- Who am I really?
- Do I live the way I want to live?
- Why is it so difficult sometimes to be at peace with oneself? And with others?
- What makes life meaningful and worthwhile?
- In the end, what is important in life?
The answers and the processes by which we look for answers to these questions are not always comfortable. But the rewards we get from the process can be remarkable. That’s why I’ve chosen these questions to be the theme of my blog.
I started my path quite a while ago. I studied theology and did my MA at the University of Helsinki. Since those years as a young theologian I have worked as a journalist, as a semi-professional painter, and art critic. At some point I also studied art history, aesthetics and semiotics.
My most recent discovery, life coaching that takes its inspiration from Zen, links together all my previous experiences. I want to work with people who are looking for new, more meaningful directions in their lives – personally, professionally, spiritually.
The theologian in me asks how I could understand life and myself on a deeper level.
The journalist in me ponders our relationship with the surrounding reality, which is not always so easy.
The artist in me looks at the ways in which art helps us to understand and interpret the world and ourselves.
The Zen coach in me searches for ways that can help us in becoming truly authentic and whole.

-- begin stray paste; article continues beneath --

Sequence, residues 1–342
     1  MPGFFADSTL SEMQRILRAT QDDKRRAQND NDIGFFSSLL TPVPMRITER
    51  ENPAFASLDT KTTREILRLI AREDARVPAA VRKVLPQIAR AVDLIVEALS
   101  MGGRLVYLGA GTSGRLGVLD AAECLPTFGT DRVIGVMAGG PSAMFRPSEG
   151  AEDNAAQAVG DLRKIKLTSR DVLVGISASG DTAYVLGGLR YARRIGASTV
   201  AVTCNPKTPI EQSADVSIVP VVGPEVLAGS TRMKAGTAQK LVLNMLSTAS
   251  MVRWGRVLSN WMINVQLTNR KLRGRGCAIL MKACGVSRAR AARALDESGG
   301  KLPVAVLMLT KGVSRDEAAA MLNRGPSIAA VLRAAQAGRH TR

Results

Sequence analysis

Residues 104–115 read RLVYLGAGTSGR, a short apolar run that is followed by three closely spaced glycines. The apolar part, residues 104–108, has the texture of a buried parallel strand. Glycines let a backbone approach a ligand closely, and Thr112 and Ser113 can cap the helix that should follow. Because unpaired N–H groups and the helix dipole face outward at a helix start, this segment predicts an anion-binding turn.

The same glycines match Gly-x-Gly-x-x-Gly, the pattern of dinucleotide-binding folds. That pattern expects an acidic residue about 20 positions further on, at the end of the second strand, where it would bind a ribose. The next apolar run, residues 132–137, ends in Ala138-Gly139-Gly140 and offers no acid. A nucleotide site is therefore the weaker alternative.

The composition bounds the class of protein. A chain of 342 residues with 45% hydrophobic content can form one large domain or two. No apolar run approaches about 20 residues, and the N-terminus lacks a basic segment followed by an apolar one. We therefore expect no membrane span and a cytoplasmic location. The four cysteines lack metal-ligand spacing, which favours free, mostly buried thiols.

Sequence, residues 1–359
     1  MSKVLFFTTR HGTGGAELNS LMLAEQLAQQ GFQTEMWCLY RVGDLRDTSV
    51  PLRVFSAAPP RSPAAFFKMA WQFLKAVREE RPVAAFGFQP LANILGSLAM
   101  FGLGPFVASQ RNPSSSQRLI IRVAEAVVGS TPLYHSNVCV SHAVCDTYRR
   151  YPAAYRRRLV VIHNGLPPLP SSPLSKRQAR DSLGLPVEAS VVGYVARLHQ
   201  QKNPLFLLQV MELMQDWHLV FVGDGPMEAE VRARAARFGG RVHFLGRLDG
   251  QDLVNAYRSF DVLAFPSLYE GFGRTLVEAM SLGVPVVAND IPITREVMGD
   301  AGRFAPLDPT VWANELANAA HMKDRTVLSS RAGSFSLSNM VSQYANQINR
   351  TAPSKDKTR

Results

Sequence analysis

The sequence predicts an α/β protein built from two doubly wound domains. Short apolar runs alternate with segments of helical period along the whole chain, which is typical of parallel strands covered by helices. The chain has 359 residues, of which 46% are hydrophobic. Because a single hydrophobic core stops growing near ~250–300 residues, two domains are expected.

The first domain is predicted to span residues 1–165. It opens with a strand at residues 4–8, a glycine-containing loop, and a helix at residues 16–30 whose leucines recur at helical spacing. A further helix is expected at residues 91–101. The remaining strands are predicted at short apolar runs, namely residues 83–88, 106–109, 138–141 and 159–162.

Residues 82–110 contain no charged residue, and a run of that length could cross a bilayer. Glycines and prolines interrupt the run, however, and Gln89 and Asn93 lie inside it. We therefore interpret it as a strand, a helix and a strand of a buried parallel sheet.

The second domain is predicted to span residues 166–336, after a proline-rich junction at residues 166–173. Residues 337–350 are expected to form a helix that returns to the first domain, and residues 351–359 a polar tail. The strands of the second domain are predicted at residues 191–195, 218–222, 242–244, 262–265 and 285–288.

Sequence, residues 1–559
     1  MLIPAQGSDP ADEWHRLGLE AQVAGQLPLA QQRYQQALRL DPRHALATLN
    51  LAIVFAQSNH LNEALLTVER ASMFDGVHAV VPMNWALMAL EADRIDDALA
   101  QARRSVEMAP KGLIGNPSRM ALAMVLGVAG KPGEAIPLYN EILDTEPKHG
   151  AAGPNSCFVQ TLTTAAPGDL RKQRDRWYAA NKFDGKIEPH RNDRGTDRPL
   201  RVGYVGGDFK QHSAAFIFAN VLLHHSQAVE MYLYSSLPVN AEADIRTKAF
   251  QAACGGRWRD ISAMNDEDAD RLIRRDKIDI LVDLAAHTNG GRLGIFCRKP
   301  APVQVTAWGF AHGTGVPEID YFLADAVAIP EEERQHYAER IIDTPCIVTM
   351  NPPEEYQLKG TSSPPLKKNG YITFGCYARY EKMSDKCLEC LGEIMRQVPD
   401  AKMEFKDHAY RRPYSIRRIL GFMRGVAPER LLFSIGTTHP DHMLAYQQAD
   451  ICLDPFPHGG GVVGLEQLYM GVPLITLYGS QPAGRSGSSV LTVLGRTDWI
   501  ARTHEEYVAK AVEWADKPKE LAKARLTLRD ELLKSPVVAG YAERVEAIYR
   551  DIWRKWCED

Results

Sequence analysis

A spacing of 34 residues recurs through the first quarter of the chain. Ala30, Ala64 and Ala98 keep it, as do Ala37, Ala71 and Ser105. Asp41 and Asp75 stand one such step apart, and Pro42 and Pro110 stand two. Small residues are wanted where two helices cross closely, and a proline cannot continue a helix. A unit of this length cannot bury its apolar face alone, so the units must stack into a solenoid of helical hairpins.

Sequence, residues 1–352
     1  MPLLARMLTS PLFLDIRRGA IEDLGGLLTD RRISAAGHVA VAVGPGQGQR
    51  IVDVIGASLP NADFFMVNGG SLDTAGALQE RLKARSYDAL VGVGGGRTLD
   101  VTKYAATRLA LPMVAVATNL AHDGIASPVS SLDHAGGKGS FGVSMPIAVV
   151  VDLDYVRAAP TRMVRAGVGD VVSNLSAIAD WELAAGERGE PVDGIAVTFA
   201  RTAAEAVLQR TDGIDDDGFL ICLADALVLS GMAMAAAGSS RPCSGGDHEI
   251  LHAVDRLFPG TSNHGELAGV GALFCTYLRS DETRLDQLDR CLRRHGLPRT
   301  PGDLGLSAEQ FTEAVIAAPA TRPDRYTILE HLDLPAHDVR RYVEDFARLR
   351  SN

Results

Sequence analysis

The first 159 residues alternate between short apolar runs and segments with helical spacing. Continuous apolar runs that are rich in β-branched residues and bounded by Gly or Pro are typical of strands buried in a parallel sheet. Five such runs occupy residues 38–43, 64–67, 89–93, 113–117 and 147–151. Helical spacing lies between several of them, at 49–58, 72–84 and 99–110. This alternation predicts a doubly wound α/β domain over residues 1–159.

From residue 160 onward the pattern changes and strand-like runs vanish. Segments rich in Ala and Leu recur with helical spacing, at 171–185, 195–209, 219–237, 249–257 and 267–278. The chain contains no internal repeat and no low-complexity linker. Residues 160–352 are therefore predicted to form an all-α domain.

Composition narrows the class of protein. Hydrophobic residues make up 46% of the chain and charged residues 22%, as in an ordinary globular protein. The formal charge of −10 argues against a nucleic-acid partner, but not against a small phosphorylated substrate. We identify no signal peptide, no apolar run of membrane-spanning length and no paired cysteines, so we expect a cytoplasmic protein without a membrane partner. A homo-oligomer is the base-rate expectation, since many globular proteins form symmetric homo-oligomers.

I am also a “global nomad”, having spent altogether fourteen years in different countries in Africa and Asia with my family – years that have deeply influenced the way I look at people in their cultures, including the people of my own country, Finland, where I presently live.
Seen from the outside, people’s needs and goals in different corners of the world may seem very different, but from an inside view they are very similar.
What inspires me? The fluid language of myth and art in various forms has always been very close to my heart. These media speak to the ‘Whole’ of the human being – rational as well as emotional. I am also deeply fascinated by the old Wisdom traditions of the world. (Please note that I prefer the broader concept Wisdom traditions to religions, because I believe that organized religions are not the only source of spiritual wisdom.)
The questions I’ve asked at the beginning of this text have always been present in my life. I do not claim to have the answers, but my wish is to share some of the insights that I have had up to now. Therefore, I want to gently provoke my reader to engage in an exploration of these questions with me.